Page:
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When you visit a lovely place, repeat the visit the next day, especially if there are ID puzzles still to be solved, and if your name starts with J. If your name starts with M you’re more than happy to tag along, letting him do all the scrutinising while you amble and photograph.

Beginning with the pink bark of a southern mahogany (Eucalyptus botryoides), aka bastard mahogany. The tree is heavy with buds.

The bladey grass catches the sun turning from nondescript green and grey to a dazzle of orange and red. Rounded green bushes cover the hillside where a herd of kangaroos graze.

A flock of yellow-tailed black cockatoos erupts from the trees and flies overhead in a loose formation, one trailing a bit of twig from its beak. As we emerge from the knobbly banksias, J holds up a silencing hand. There is the sound of crunching and ripping. The flock has settled and they are feasting.

We dally on the sandy flat where wattle buds and flowers, wild grapes, gumnuts and lillipilli berries proliferate; a correa buds and flowers; and the berries of the geebung blush beside its yellow flowers. A creamy eucalyptus flower remains nameless for now: the threat of a dreaded plant key hangs over us.

We walk up the dune (the Eemian shore, traces of the last interglacial about 120000 years ago?) to the tall trees, unnamed, where we walked on Saturday and settle on a log for today’s picnic. A couple emerge from the bush near us and step over a collapsed fence. They pause to tell us they have just seen a very handsome echidna crossing the path.

The trees towering above us wear a sock of tightly-fissured bark, and high up on the light grey branches where the sock doesn’t reach, we notice the scribbles that intrigued us yesterday. Back home the eucalyptus books come out, and J finally nails the identity. It’s a blackbutt (Eucalyptus pilularis). The books don’t mention scribbles, but a couple of reputable websites do.

Saturday bushwalk


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It’s been a long time since we’ve had anything that could really be called a bushwalk: plenty of beachwalks with the majesty of the sea to the east, but no walks that concentrated the majesty of trees. To find this pleasure unexpectedly, we returned to the segment of the Dreaming Track we walked along last week, but took different sidetracks.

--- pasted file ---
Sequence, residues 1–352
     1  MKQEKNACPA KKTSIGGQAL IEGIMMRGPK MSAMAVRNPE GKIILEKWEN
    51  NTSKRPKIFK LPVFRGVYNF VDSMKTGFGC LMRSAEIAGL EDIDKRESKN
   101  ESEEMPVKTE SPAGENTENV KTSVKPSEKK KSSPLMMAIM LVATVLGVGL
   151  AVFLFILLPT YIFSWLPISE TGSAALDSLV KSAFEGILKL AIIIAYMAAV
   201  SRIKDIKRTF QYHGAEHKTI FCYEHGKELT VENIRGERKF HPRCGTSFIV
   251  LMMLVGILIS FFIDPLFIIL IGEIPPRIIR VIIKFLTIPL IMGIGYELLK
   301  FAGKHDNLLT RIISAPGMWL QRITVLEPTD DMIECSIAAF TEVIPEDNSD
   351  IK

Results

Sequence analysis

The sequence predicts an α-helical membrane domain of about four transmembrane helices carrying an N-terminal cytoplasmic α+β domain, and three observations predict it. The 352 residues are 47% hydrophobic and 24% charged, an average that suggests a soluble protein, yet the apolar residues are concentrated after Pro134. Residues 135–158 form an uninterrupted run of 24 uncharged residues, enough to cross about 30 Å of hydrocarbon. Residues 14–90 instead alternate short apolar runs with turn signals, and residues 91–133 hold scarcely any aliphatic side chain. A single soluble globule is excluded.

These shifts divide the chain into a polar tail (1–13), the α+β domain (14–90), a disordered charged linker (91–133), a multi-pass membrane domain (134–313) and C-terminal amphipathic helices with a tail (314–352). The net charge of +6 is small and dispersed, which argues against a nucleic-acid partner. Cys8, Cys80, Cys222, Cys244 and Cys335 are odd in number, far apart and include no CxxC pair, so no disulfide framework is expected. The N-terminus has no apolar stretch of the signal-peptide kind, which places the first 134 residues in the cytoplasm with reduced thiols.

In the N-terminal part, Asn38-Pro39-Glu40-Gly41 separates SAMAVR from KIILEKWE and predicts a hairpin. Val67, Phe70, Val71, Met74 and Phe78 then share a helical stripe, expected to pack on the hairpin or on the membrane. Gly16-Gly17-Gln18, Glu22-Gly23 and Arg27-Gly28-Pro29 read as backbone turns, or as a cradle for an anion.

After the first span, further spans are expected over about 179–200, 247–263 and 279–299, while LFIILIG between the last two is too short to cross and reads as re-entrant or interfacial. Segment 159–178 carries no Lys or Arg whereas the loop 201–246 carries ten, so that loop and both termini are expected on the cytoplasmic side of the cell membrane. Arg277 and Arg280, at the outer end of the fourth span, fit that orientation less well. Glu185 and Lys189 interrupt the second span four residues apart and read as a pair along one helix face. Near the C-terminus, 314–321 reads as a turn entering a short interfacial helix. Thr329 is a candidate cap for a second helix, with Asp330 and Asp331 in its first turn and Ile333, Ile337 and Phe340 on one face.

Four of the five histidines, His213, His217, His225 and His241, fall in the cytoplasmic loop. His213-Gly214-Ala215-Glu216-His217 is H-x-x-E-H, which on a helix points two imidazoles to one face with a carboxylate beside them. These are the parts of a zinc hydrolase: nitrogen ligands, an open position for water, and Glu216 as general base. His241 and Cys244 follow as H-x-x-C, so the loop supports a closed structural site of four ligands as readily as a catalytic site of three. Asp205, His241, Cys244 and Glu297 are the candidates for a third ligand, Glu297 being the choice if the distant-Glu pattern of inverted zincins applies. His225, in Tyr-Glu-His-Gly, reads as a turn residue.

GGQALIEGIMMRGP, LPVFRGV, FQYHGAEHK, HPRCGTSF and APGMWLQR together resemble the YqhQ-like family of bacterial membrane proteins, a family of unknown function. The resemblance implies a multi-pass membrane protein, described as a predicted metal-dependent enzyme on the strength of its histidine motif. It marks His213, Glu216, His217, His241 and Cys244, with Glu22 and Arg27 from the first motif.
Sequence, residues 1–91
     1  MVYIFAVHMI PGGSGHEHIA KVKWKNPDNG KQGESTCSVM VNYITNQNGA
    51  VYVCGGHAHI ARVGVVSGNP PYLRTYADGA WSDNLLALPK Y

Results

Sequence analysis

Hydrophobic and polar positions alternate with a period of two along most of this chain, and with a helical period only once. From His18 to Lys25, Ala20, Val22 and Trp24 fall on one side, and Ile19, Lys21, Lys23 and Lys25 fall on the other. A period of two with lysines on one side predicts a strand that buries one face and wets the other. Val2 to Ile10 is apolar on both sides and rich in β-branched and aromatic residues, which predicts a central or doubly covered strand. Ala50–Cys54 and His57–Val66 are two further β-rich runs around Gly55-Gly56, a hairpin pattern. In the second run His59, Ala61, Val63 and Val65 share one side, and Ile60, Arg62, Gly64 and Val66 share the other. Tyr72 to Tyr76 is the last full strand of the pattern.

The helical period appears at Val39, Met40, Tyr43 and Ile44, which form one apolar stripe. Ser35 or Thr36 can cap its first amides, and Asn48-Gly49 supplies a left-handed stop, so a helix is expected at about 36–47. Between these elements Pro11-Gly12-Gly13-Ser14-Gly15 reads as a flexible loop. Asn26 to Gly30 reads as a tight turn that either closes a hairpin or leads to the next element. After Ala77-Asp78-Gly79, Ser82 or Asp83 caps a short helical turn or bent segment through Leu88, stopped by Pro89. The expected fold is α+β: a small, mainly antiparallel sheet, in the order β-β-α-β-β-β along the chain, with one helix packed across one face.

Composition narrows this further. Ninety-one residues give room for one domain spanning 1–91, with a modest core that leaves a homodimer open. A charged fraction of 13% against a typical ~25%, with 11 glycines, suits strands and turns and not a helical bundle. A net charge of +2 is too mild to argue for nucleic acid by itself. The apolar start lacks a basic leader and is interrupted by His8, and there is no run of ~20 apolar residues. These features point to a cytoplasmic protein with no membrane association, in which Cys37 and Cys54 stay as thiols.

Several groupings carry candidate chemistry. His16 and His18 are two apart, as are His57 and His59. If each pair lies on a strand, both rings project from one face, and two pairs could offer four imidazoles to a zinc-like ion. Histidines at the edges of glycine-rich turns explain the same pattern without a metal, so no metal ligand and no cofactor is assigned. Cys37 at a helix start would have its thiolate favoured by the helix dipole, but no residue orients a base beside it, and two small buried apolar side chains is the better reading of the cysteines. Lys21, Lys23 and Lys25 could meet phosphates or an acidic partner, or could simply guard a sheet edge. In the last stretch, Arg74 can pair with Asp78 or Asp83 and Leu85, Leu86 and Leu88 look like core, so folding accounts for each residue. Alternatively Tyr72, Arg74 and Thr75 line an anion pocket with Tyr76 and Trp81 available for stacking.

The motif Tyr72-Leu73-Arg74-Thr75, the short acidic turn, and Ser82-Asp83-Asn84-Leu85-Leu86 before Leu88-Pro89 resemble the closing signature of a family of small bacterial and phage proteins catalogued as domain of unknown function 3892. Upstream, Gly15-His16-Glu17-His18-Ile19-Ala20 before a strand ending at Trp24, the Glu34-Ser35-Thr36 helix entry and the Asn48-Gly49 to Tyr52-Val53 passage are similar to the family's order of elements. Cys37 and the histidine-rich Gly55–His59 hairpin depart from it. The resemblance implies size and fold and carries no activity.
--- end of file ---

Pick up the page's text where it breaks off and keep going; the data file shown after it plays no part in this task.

First through a forest of knobbly trunked banksias,

Then a visit to the splendid forest redgum (Eucalyptus tereticornus) hoping to see it flowering more prolifically than last week. It was budding madly, and there were a few bits of finished flowering. Looking closely at the buds I noticed a tiny dark brown tip which served as a cap and came off neatly, not a disease at all. And not named in any of the eucalyptus naming of parts we discovered when we got home.

Although we followed a different track we finished up at the same place on Coila Lake where we picnicked last week. We settled on the sand and ate smoked oysters, camembert, and beetroot dip as the lake lapped loudly in the fierce wind and a sea eagle rode the air just above our heads.

This area has a lucky recent history. Local council bought a big parcel of coastal land for sewage works, which are there edging a splendid piece of bush with their ripe smell. Once they were established, the remaining land was sold to national parks, and it’s now a part of the long strip that is Eurobodalla National Park. Such is the story told to J by a local woman walking her dog.

Tucked away amongst the eucalypt forest are seven rainforest species, old friends from a rainforest passion some years ago. I made good use of an early night going over and over the list in my mind: cheese tree, fig, mock olive, myrtle, lillipilli, blueberry ash and giant water vine: all part of natural regeneration.

Amongst the bark on the ground were the marks of caterpillar scribbles, mystifying since we don’t usually see this enigmatic scrawl in our part of the world.

While my eyes were seeking out scribbles, they were also collecting brightly coloured leaves in the eucalyptus leaf litter.

By the time we got home the wind was howling and we were glad to retreat inside.